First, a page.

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 Declining Freedoms Worldwide 

IOOF believes in freedom, democracy, human rights, and free economic pursuit. We believe in Free Trade.

National constitutions hold forth the promise of freedoms for all people. Seldom is the promise kept. All around the world, countries are usurping basic individual human rights. Not the least of these broken promises is the American promise of freedom and justice for all.

With the pledge of protecting its people from terrorist regimes, the United States has forged ahead with decades of bureaucracy forming numerous agencies under the direction of its “Homeland Security”. The result is a gradual yet continual erosion of personal liberties, human rights and the fairness of equal application of justice for all.

They who can give up essential liberty to obtain a little temporary safety deserve neither liberty nor safety. -Benjamin Franklin 

According to a report entitled, “Freedom on the Net 2017”, by Freedom House, “online content manipulation contributed to a seventh consecutive year of overall decline in internet freedom, along with a rise in disruptions to mobile internet service and increases in physical and technical attacks on human rights defenders and independent media. Nearly half of the 65 countries assessed in Freedom on the Net 2017 experienced declines during the coverage period, while just 13 made gains, most of them minor. Less than one-quarter of users reside in countries where the internet is designated “free”, meaning there are no major obstacles to access, onerous restrictions on content, or serious violations of user rights in the form of unchecked surveillance or unjust repercussions for legitimate speech.” [1]

New networking technologies aimed at secure, private transactions are under attack by numerous governments. Encryption and virtual private networks (VPNs) are increasingly banned by restrictive governmental regimes. These attacks on basic liberties have only just begun, creating a need for defenders of individual and organizational rights.

[1] see Freedom House latest reports:
“Internet Censorship 2020: A Global Map of Internet Restrictions”, by Freedom House

Regulatory Issues 

On January 13, 2018, U.S. Treasury Secretary Steve Mnuchin commented on Bitcoin. During an interview at the Economic Club of Washington, Mnuchin said he was working with representatives from G-20 countries to make sure that “bad people cannot use these currencies to do bad things.” He has likened Bitcoin to “having a Swiss bank account in your back pocket”. While U.S. laws require banks to “know their customers” (KYC), regulation in other countries is more fluid. Switzerland, long famous for its tight-lipped bankers, is the most prominent such example.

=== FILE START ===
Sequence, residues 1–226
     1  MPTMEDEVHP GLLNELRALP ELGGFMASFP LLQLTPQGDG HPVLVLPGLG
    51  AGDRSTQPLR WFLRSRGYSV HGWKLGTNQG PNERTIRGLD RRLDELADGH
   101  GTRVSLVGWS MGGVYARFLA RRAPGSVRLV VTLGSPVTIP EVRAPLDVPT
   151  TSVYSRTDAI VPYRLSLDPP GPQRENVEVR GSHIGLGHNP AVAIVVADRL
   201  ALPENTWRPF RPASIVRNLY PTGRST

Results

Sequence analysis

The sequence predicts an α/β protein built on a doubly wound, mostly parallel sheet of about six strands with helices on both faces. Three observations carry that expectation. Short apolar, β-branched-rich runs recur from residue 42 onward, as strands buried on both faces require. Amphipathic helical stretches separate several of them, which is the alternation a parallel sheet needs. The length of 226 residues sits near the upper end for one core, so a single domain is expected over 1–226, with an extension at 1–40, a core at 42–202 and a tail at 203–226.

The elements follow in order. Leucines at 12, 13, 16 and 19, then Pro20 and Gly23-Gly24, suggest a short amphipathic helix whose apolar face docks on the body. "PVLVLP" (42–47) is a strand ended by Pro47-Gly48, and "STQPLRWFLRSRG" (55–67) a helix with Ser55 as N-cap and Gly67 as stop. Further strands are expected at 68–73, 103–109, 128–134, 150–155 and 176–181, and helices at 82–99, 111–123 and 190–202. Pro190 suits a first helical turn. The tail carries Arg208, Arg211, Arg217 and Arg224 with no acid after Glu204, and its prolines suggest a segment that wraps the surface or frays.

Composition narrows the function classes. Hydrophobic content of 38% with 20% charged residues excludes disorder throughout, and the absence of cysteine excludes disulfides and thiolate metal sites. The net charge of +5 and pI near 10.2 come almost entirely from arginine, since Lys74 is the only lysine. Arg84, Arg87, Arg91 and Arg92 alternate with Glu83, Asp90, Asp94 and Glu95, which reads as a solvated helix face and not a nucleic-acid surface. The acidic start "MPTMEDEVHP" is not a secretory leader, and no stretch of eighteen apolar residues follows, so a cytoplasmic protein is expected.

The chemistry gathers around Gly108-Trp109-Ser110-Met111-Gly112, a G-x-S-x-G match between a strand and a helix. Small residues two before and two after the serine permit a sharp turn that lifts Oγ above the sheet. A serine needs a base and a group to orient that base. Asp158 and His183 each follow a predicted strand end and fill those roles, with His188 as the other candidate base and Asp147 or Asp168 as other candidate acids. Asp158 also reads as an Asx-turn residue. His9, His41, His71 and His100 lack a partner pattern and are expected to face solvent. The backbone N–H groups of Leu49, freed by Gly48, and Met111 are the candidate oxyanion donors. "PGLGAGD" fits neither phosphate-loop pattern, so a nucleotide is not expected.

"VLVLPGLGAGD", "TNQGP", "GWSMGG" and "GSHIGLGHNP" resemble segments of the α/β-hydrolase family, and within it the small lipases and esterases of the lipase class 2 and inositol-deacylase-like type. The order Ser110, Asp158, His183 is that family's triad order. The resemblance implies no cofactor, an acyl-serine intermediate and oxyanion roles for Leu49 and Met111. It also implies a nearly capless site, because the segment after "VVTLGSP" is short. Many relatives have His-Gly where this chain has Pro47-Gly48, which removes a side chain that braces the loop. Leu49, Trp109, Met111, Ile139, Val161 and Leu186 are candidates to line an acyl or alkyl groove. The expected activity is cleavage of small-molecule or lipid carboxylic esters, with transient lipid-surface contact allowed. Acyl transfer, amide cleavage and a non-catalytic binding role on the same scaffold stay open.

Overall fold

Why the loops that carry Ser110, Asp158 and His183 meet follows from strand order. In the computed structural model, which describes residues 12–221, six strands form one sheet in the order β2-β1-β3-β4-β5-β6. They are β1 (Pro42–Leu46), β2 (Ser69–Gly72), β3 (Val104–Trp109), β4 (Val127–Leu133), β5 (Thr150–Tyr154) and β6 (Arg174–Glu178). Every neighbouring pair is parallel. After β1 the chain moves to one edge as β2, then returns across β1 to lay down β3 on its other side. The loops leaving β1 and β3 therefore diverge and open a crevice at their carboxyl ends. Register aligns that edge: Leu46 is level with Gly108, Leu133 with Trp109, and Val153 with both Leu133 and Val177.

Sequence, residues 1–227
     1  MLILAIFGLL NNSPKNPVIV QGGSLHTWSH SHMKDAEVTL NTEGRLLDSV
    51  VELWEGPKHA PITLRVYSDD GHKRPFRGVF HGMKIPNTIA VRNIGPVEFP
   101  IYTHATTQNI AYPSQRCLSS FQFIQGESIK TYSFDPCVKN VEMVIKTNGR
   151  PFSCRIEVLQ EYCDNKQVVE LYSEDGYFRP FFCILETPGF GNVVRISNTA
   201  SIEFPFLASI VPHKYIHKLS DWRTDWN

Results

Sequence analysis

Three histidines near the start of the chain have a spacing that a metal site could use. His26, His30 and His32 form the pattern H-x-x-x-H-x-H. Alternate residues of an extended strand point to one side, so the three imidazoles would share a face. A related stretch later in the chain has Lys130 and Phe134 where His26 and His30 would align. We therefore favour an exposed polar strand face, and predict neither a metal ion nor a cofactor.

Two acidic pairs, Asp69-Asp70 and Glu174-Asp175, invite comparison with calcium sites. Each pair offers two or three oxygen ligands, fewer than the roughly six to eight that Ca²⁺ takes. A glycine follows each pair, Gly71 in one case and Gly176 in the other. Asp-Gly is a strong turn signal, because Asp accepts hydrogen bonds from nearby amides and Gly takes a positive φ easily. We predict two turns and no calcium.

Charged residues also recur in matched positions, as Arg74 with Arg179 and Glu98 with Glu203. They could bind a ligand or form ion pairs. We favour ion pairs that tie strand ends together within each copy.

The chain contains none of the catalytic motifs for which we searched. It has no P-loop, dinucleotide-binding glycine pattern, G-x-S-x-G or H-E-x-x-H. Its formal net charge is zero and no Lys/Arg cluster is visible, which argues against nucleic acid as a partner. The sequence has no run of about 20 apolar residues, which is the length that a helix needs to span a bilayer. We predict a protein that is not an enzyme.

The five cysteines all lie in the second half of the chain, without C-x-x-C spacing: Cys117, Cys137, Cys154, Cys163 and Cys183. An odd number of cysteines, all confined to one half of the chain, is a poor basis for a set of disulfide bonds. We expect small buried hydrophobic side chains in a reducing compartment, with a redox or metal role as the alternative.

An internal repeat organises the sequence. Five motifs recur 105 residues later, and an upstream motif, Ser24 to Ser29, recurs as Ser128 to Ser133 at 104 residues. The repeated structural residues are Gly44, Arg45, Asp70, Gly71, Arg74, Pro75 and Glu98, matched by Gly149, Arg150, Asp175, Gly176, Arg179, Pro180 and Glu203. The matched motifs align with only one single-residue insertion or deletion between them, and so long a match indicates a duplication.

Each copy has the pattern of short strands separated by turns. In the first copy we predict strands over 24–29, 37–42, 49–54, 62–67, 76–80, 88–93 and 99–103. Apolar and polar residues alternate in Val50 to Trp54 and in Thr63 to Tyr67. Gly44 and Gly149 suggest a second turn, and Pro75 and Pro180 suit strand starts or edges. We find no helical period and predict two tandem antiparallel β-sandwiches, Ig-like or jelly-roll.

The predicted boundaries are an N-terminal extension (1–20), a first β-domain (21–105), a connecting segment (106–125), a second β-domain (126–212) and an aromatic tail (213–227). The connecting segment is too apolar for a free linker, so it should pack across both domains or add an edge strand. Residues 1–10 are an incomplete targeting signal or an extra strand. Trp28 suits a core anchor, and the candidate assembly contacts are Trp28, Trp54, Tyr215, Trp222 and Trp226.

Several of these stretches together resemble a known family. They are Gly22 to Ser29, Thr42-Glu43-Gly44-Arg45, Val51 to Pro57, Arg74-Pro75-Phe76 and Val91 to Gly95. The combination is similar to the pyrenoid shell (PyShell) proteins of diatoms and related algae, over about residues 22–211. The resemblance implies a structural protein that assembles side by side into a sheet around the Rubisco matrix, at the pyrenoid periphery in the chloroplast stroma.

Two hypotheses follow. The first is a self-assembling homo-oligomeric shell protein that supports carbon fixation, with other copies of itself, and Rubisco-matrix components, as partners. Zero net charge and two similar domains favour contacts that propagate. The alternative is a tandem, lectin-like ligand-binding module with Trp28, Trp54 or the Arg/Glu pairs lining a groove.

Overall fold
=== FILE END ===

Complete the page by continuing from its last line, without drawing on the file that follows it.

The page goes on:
According to Mnuchin, Bitcoin trading firms have an obligation to track Bitcoin transactions. “We can track those activities. The rest of the world doesn’t have that, so one of the things we will be working very closely with the G-20 is making sure that this doesn’t become the Swiss bank account,” he said.

Cryptocurrencies meteoric rise has also invited government scrutiny and comparisons to the dot com mania at the turn of this century. Governments around the world have responded by banning initial coin offerings and considering strict regulation to bring cryptocurrencies within the gambit of the global financial system. However, Mnuchin’s vision of Bitcoin may be at odds with that of its enthusiasts.

Shelter from the Storm
- A Place of Refuge -

It is apparent that governmental regulatory actions have only just begun. The eventual impact on the cryptocurrency world has been largely overlooked and underestimated. Just as taxation has come to an internet site near you, governments are going to want a piece of the action on these networks. There will be global efforts to regulate cryptocurrencies.

There is a need for a social solution to address governmental interference that will stifle growth, increase costs and slow adoption of these new technologies. Dynamic new applications will need to meet the most basic requirements of concern to regulatory impetus, such as, KYC, anti-money laundering, and anti-terrorist funding restrictions. At the same time, privacy, anonymity and security must be maintained for the users of these technologies.

Shelter Sanctuary
IOOF will provide privacy protection “in the cloud”. When members exchange value on the Interstellar Trading Network, they are transacting freely “in the cloud” in cyberspace without national borders under the protection of their rights to assemble and to pursue the principles of economic and religious freedom.

IOOF offers a shelter sanctuary*to those displaced from economic freedom. As a shelter, we protect, shield, and defend. As a sanctuary, we are a refuge, safe harbor, safe haven, a place of safety.

(*see Wikipedia - Sanctuary- legal, religious, political) 


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